A hard but mediocre cop is assigned to escort a prostitute into custody from Las Vegas to Phoenix, so that she can testify in a mob trial. But a lot of people are literally betting that they won't make it into town alive.
Wes Block is a detective who's put on the case of a serial killer whose victims are young and pretty women, that he rapes and murders. The killings are getting personal when the killer ... See full summary »
Nun Sara is on the run in Mexico and is saved from cowboys by Hogan, who is preparing for a future mission to capture a French fort. The pair become good friends, but Sara never does tell him the true reason behind her being outlawed.
Philo takes part in a bare knuckle fight - as he does - to make some more money than he can earn from his car repair business. He decides to retire from fighting, but when the Mafia come ... See full summary »
Buddy Van Horn
Seven years after a daring bank robbery involving an anti-tank gun used to blow open a vault, the robbery team temporarily puts aside their mutual suspicions to repeat the crime after they are unable to find the loot from the original heist, hidden behind a school chalkboard. The hardened artilleryman and his flippant, irresponsible young sidekick are the two wild cards in the deck of jokers. Written by
According to Steven Bach's 'Final Cut', Clint Eastwood was disappointed with the film's initial disappointing US$9 million receipts and blamed United Artists for inadequately promoting the film. Despite his relationship with the studio on the spaghetti Westerns and a two-picture deal from the studio, he never made another film for them. See more »
As Thunderbolt and Lightfoot are being chased by Red and Eddie, Lightfoot careens the stolen Buick Riviera off the highway and down a steep embankment. Clint Eastwood's character (Thunderbolt, in the passenger seat) has obviously been replaced with a dummy. In addition, in some of the shots you can clearly see a large camera assembly, mounted behind the back seating area of the Riviera. See more »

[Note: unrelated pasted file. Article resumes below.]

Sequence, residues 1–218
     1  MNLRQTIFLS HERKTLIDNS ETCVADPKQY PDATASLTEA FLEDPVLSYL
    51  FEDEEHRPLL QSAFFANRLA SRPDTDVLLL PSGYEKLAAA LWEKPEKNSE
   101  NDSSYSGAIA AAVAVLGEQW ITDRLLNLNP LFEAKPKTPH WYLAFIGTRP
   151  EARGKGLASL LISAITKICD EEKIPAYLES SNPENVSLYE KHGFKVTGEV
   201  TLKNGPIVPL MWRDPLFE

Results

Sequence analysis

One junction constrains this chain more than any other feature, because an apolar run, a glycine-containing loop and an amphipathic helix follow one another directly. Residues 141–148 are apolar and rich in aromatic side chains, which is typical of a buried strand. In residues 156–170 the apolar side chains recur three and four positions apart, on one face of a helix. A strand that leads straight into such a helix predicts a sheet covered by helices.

You know... you know somethin'? I don't think of us as criminals, you know? I feel we accomplished something. A good job. I feel proud of myself, man. I feel like a hero.
Are you all right, kid? You don't look too well.
I believe you're right.
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Thunderbolt and Lightfoot (1974) isn't perfect, but it has a lot going for it. The pairing Eastwood and Bridges is great, these aren't the same kinds of actors, and yet their on-screen relationship works well. Supporting character actors George Kennedy and Geoffrey Lewis round out rest of the heisters, and Gary Busey makes an early appearance in a small role. Also of note is the striking Montana scenery, quite unseen on film, this movie does an admirable job showcasing it. What I'm really surprised about is how no one else seems to have noticed a couple of things about this film.
First: The title of this film, and its two main characters are an homage to a pair of famous 19th century highwaymen who called themselves respectively `Captain Thunderbolt' and `Captain Lightfoot'. This isn't the last time Hollywood film criminals would be named after real life bandits. In the film `The Way Of The Gun' the characters are called `Mr. Parker and Mr. Longbaugh' which of course were the real names of Butch Cassidy and The Sundance Kid! Also of interest is the fact that Geoffrey Lewis appears in The Way Of The Gun!
Second: Those interested in a companion piece to this film might consider watching `Thelma and Louise' which mirrors the on-the-road relationship of this film very closely. Though the plot is different, the relationship with the landscape and the emphasis on two characters is strikingly similar. In short a good film, worth watching!
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